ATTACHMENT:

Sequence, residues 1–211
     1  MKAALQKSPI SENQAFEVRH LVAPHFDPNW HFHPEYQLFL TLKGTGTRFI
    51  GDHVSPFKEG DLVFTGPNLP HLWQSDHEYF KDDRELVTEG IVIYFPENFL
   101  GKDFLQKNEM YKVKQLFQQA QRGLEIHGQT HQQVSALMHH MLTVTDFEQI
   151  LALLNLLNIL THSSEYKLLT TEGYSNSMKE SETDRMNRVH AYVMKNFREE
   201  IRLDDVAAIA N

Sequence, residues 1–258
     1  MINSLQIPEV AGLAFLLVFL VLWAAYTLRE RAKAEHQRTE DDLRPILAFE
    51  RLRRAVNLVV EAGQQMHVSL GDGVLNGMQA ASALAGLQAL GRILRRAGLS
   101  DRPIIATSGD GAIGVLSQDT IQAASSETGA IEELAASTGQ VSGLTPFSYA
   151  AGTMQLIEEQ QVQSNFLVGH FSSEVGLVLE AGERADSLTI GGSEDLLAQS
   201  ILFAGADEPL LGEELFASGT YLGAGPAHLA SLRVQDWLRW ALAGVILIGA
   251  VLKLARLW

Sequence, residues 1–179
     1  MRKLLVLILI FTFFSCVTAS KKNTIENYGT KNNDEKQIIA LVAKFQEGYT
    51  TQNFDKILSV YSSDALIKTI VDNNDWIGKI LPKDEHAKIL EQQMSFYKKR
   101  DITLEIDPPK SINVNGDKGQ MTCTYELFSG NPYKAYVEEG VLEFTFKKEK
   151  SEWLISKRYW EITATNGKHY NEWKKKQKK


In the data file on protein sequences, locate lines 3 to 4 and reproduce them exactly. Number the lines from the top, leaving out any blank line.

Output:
    51  GDHVSPFKEG DLVFTGPNLP HLWQSDHEYF KDDRELVTEG IVIYFPENFL
   101  GKDFLQKNEM YKVKQLFQQA QRGLEIHGQT HQQVSALMHH MLTVTDFEQI